Academic Writing

Friday, April 15, 2011

Today's Reality

Snooki and Pseudo-Events

When reality programming started it was heralded as a cheap alternative to scripted television that would save the networks from costly and diva-esque actors.  In the past decade since the dawning of the Golden Age of Reality TV has been upon us, audiences have seen what seems like unending iterations of the genre.  Between the competitions (The Bachelor, Survivor), Hidden Camera (Undercover Boss), Self-Help (The Biggest Loser, Millionaire Matchmaker), “cinema verite” (The Real Housewives, Jersey Shore, Teen Mom), and Family Drama (Wife-Swap), Surgical (The Swan, Dr. 90210), and Do-Gooder (Extreme Home Makeover), there seems to be something to fulfill any type of voyeuristic need that a viewer might have.  But to what cultural expense?

In 1961 Daniel Boorstin published his book, The Image: A Guide to Pseudo-Events in America in which he outlines how America was living in the “Age of Contrivance.”  As explained by, “He claimed that America was living in an "age of contrivance," in which illusions and fabrications had become a dominant force in society. Public life, he said, was filled with "pseudo-events" -- staged and scripted events that were a kind of counterfeit version of actual happenings. Just as there were now counterfeit events, so, he said, there were also counterfeit people - celebrities - whose identities were being staged and scripted, to create illusions that often had no relationship to any underlying reality.”  Boorstin’s claim came right as television was gaining popularity and importance in American society and as America was beginning to replace images of actual importance with these so-called contrived pseudo-events.  For instance, Nixon had just lost the debate against JFK on television primarily due to his televisual presence.  Those who had heard the debate on the radio thought that Kennedy had lost because they weren’t swayed by visual images influencing their opinions. 

In our era of so much of the television landscape being dominated by reality TV, Boorstin’s words never rang truer.  The so-called reality stars are constantly trying to one up each other and themselves be it in inciting conflict or general grotesque behavior to get attention.  The media doesn’t make it any better by bringing their indiscretions to light either on the covers of their magazines or through their lip flap on their own television programs.  Most recently, Rutgers University took it to the next level when they decided chose to pay Snooki, a low class drunken party girl, $32,000 to hold two question and answer sessions while they are paying Nobel Prize winning author Toni Morrison $30,000 to give their Commencement Address.  What a statement Rutgers is making:  Snooki is famous as a walking pseudo-event and while yes, she has technically authored a book of her own, really has not contributed anything positive to our society.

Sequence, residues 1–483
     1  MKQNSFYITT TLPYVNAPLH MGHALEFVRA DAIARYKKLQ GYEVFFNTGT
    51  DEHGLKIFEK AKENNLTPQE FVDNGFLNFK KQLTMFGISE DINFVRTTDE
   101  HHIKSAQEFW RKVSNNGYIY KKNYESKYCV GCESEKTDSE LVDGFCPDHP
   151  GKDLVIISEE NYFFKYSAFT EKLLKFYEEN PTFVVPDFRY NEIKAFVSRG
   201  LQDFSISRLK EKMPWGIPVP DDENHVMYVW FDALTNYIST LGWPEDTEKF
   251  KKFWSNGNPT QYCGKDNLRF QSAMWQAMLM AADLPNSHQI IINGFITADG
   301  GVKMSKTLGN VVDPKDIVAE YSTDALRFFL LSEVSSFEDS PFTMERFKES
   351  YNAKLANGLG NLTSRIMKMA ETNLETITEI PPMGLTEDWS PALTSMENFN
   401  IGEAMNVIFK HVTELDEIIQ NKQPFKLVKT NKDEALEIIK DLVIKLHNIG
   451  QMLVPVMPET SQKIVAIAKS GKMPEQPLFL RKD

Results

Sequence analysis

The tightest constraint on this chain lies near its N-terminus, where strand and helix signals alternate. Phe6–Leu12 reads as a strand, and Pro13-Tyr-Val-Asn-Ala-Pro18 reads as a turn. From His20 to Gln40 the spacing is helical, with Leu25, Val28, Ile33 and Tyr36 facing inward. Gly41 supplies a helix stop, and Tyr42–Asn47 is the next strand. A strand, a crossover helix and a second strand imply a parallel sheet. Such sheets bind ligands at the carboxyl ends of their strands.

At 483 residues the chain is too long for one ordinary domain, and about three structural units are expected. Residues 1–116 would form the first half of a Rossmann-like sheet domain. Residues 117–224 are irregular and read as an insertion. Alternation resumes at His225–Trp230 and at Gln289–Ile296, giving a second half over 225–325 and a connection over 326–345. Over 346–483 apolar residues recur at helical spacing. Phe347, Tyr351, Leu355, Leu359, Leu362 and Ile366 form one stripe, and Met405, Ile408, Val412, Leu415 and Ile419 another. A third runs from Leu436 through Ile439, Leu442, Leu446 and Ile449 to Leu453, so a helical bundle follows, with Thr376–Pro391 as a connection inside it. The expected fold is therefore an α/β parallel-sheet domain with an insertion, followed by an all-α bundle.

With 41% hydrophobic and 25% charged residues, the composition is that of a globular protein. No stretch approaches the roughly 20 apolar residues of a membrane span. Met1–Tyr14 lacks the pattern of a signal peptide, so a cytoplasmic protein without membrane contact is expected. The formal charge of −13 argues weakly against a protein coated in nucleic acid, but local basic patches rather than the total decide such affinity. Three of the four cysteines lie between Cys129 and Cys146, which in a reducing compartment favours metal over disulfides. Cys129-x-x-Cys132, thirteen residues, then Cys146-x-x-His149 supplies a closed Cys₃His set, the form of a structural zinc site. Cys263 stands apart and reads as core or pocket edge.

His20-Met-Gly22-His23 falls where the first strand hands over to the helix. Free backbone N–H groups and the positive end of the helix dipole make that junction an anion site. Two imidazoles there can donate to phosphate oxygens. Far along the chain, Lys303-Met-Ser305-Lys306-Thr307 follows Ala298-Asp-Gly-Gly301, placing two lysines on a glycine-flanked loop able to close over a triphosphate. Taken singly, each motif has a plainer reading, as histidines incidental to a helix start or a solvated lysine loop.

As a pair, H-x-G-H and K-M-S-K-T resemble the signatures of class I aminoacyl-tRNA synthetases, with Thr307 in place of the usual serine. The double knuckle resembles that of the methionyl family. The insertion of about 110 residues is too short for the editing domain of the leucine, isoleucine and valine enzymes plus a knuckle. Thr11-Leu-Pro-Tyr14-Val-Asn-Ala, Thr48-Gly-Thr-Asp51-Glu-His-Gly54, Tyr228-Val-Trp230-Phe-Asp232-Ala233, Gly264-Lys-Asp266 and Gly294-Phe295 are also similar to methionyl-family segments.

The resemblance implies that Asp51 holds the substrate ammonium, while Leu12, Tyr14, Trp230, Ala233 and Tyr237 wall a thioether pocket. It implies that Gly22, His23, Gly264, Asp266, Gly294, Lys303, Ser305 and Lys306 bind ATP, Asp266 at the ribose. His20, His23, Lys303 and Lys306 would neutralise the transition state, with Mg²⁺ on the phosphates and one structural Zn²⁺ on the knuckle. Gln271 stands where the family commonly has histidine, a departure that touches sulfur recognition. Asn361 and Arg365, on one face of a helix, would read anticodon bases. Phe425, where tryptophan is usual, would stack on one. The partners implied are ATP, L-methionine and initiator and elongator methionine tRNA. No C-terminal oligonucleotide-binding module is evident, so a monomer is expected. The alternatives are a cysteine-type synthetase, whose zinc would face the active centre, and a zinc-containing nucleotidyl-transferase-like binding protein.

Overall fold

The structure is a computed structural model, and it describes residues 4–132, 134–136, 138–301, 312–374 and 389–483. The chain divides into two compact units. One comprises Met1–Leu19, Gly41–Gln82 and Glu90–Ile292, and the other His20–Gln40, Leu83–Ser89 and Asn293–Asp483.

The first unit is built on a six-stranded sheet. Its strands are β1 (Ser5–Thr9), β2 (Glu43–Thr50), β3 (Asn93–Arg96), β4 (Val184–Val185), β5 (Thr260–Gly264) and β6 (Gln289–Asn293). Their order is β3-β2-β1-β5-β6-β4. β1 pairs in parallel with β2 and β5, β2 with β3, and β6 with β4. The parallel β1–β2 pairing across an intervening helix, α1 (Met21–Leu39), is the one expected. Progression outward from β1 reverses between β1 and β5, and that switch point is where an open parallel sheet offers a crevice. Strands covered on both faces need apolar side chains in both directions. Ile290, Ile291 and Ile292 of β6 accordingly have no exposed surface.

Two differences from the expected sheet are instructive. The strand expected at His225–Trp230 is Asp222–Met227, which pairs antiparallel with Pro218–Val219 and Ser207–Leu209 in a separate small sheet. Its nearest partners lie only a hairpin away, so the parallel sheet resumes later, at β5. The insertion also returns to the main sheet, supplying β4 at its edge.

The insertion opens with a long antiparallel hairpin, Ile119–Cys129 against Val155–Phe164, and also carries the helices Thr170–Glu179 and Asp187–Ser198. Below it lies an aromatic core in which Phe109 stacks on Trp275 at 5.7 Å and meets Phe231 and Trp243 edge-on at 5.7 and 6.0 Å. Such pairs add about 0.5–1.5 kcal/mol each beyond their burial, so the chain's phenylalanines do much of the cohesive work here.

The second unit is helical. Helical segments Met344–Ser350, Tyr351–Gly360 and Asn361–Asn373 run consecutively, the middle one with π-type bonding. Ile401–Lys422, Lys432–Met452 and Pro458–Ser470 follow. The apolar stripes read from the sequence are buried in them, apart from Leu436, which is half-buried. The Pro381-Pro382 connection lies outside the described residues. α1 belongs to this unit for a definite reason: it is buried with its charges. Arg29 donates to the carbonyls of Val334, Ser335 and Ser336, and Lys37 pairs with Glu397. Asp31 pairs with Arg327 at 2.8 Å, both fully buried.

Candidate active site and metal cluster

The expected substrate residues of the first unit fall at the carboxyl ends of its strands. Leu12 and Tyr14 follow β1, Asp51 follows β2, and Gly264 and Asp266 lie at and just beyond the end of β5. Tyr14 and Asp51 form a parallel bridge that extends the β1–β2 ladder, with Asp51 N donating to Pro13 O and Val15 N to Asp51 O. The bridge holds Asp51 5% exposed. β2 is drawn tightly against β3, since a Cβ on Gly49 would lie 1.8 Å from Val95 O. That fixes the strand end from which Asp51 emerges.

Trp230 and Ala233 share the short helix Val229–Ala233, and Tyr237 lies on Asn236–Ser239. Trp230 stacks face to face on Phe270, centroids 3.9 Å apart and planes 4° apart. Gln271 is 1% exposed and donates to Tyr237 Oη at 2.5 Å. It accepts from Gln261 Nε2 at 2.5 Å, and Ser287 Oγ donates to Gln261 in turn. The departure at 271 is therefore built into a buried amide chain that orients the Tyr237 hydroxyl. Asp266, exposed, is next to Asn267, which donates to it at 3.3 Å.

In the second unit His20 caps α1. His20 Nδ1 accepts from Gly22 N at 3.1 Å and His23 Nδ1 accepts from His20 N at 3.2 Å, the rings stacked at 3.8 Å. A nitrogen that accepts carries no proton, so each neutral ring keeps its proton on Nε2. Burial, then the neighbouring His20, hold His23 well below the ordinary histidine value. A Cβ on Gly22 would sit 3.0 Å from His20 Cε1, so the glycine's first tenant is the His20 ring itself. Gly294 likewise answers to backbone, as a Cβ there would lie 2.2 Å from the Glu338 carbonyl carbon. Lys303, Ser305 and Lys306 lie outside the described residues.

On Anderson Cooper 360, Cooper offers his take on the situation (no pun intended…)

I’m personally in complete agreement with Cooper.  He tells it like it is and points out the utter ridiculousness that is the state of reality TV.  He starts his argument by mentioning Snooki’s newly upped salary.  She will now be making $100,000 per episode to behave badly.  Charlie Sheen was recently fired in part for similar behavior on his scripted show, but now we’re saying it’s lauded when a reality star does it?  What does that say about our priorities?  Further, reality was initially meant to be a cheap alternative to scripted, this seems to be almost encouraging the next generation to take Snooki’s behavior to the next level and if they offer it up for a cheaper rate they’d be happy to take her spot in the limelight.  How can we be honoring this behavior?  It makes me cringe to think she, and others similar to her, are being celebrated for this behavior.  Calling it reality (when in fact it’s often largely scripted and produced) encourages others to behave similarly, offering the message that the more you fall down drunk and act like a moron and as long as you’re willing to do it in public, it could earn you a big paycheck.   

It’s time for us as a society to take a closer look into how we choose to show ourselves to the world.  In an era where we are competing with other world powers to produce the smartest minds, do we really want our biggest export to be someone who’s most famous acts are passing out drunk on the beach?  Boorstin predicted it 50 years ago.  At this rate, I’m not sure I’m looking forward to it’s evolution in another 50 years.

1 comment:

Dan said...

While I agree with you and with Cooper on this, I think that there's something admirable about Snooki. I see her in the same vein as Seacrest and Zuckerberg who similarly took a small chance and turned it into an empire. They've conquered markets we didn't know existed. And that's why she's valued so highly - you won't ever see another Snooki. Which, by all means, is a good thing.